Math 248B - Algebraic Geometry
Winter 2016

Instructor: Brian Osserman

Lectures: MWF 3:10-4:00, Wellman 129.

CRN: 44521

Office: MSB 3218, e-mail:

Office Hours: M 4-5, W 11-12

Prerequisites: Math 248A or equivalent

Textbook: Hartshorne, Algebraic Geometry

Syllabus: We will cover the basic theory of schemes, with some material on complex varieties. See also the department syllabus.

Grading: 75% homework, 25% final expository paper

Homework: Homework will be assigned roughly weekly until the last few weeks of the quarter, when you will begin to work on your paper.

Welcome to Math 248B: Algebraic Geometry

Algebraic geometry is the study of solutions of systems of polynomials equations. It is a classical field with a long history, which has a close relationship to many fields of pure math, but has also recently been applied to areas as diverse as engineering, computer graphics, cryptography, and algebraic statistics, to name a few. In 248B, we will start by introducing schemes, and studying their basic properties. We also give a brief presentation of the classical topology on complex varieties.

Lecture notes

The material on complex varieties will be out of the lecture notes from last quarter's course. In addition, I shall occasionally post brief lecture notes on topics supplemental to what is covered by Hartshorne.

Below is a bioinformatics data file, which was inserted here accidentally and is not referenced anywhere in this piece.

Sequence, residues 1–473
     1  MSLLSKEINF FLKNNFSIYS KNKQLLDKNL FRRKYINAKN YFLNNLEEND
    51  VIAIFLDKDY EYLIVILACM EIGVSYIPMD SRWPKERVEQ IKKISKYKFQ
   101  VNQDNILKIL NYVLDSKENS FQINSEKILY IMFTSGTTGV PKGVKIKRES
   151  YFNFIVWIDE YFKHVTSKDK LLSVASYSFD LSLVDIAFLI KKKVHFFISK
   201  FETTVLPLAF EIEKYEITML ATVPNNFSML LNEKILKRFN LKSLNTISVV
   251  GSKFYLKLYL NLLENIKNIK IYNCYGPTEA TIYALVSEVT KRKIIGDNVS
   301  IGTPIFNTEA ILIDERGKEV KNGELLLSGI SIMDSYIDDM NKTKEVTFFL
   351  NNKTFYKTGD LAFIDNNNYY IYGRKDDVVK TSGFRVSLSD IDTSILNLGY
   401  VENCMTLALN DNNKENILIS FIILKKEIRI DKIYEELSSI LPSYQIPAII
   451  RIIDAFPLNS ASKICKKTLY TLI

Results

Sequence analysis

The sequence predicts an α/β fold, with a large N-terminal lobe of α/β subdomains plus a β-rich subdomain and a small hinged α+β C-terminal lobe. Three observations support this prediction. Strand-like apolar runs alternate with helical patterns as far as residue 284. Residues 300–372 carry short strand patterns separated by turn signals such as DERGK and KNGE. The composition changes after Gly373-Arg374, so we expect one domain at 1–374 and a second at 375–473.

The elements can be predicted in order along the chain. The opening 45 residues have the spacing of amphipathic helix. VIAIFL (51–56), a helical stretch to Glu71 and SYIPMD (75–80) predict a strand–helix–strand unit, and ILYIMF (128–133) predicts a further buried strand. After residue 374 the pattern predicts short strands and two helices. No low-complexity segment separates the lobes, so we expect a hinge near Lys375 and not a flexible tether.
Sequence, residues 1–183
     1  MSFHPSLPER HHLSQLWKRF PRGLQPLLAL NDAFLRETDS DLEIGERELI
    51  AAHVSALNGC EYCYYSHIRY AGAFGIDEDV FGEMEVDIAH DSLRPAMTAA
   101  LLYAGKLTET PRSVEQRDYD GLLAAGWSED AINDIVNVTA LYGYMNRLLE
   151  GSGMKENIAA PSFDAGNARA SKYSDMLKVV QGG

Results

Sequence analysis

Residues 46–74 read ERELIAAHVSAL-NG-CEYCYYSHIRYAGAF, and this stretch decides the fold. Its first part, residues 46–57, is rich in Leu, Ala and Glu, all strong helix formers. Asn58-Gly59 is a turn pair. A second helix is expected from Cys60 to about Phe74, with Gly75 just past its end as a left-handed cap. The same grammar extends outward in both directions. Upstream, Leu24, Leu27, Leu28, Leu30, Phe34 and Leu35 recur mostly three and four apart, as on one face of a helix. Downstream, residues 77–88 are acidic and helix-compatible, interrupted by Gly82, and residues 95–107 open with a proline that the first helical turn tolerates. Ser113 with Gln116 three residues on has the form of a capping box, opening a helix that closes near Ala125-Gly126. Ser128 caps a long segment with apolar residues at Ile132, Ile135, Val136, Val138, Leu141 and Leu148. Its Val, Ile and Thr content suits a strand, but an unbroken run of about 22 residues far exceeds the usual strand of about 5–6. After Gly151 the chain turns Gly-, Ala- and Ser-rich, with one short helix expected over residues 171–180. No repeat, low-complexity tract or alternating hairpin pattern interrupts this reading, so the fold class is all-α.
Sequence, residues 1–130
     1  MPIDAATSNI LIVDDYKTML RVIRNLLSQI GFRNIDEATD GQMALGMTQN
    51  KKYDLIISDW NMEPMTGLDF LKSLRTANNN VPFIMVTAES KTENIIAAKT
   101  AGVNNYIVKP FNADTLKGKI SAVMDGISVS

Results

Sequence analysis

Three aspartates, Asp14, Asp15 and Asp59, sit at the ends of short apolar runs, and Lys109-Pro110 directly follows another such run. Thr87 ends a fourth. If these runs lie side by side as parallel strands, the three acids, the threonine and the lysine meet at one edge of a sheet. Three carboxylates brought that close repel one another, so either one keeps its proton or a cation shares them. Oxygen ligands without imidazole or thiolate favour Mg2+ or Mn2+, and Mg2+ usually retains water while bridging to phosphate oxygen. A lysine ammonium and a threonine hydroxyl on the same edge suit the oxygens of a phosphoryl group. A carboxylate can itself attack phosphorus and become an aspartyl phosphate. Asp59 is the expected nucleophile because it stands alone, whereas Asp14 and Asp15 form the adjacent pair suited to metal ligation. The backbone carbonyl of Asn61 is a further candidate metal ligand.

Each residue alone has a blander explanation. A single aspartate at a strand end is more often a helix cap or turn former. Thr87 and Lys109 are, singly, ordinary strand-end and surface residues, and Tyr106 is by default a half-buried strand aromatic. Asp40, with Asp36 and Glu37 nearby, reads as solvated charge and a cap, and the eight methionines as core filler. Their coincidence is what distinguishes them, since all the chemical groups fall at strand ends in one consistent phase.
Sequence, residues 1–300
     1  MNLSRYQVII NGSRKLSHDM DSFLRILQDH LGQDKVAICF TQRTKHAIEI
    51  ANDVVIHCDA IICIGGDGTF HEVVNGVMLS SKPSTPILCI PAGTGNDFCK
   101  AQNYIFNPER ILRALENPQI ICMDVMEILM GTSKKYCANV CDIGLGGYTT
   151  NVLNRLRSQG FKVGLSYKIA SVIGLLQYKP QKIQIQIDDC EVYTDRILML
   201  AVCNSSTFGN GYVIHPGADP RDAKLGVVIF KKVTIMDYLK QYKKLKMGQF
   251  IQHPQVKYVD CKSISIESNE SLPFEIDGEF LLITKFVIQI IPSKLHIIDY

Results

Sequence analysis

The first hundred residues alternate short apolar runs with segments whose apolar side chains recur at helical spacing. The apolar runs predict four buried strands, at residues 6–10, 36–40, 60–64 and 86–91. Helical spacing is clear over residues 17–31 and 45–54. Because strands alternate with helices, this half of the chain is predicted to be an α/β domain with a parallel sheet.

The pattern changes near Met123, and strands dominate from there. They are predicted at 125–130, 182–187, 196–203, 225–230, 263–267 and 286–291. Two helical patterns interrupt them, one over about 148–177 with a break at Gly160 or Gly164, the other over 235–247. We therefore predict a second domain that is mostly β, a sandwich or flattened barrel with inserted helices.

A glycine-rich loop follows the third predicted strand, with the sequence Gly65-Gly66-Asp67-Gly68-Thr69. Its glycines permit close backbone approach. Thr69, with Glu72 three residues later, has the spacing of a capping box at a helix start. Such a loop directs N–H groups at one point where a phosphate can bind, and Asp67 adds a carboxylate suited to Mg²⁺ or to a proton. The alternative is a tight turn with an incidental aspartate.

Problem sets

Problem sets will be posted here each Wednesday, due the following Wednesday in class. You are encouraged to collaborate with other students, as long as you do not simply copy their answers. Beyond this, you should not seek any external help.

Final Paper

A final paper will be due at the end of the quarter. This will be a brief (roughly 8-10 page) expository paper on a supplemental topic of your choice.


  • The paper is due on Friday, 3/11.
  • Please come to my office hours as soon as possible to discuss your choice of topic. It should be narrow enough that you can give at least one result statement and some argument. Reasonable topics could include deformation theory, toric varieties, group schemes, moduli spaces, degeneration arguments and intersection theory, but there are many other possibilities.
  • The paper should be roughly 8-10 pages in default tex formatting. Using latex with the amsart documentclass is recommended.
  • There is no requirement (nor encouragement) of originality of content, but of course the paper should be entirely in your own words.
  • The paper should be fully self contained. In particular, it should have a brief introduction explaining the main material to be discussed, and ideally some explanation of why it is important.
  • Material from lecture may be used without citation. Material not covered in lecture but which is in Hartshorne may be used with a citation without explicitly reproducing the statement. Any other material should be used with a precise statement of the result needed as well as a citation.